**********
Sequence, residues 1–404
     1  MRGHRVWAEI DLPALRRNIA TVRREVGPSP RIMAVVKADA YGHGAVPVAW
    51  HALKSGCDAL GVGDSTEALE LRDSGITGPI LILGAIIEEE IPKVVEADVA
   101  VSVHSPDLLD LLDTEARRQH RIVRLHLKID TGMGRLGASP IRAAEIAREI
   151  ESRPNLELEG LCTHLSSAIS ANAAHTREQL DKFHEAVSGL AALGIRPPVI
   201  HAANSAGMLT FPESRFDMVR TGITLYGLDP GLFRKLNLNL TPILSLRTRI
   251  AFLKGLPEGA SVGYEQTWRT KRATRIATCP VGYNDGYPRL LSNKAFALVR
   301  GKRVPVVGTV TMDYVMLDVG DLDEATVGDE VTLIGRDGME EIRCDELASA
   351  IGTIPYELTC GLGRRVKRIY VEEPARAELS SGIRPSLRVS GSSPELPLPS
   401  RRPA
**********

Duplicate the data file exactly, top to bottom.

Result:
Sequence, residues 1–404
     1  MRGHRVWAEI DLPALRRNIA TVRREVGPSP RIMAVVKADA YGHGAVPVAW
    51  HALKSGCDAL GVGDSTEALE LRDSGITGPI LILGAIIEEE IPKVVEADVA
   101  VSVHSPDLLD LLDTEARRQH RIVRLHLKID TGMGRLGASP IRAAEIAREI
   151  ESRPNLELEG LCTHLSSAIS ANAAHTREQL DKFHEAVSGL AALGIRPPVI
   201  HAANSAGMLT FPESRFDMVR TGITLYGLDP GLFRKLNLNL TPILSLRTRI
   251  AFLKGLPEGA SVGYEQTWRT KRATRIATCP VGYNDGYPRL LSNKAFALVR
   301  GKRVPVVGTV TMDYVMLDVG DLDEATVGDE VTLIGRDGME EIRCDELASA
   351  IGTIPYELTC GLGRRVKRIY VEEPARAELS SGIRPSLRVS GSSPELPLPS
   401  RRPA